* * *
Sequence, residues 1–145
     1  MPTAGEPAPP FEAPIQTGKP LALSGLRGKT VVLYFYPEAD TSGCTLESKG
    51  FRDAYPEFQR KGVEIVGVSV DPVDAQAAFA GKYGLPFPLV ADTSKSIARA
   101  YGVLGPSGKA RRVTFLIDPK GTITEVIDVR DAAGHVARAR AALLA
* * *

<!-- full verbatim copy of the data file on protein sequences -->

Sequence, residues 1–145
     1  MPTAGEPAPP FEAPIQTGKP LALSGLRGKT VVLYFYPEAD TSGCTLESKG
    51  FRDAYPEFQR KGVEIVGVSV DPVDAQAAFA GKYGLPFPLV ADTSKSIARA
   101  YGVLGPSGKA RRVTFLIDPK GTITEVIDVR DAAGHVARAR AALLA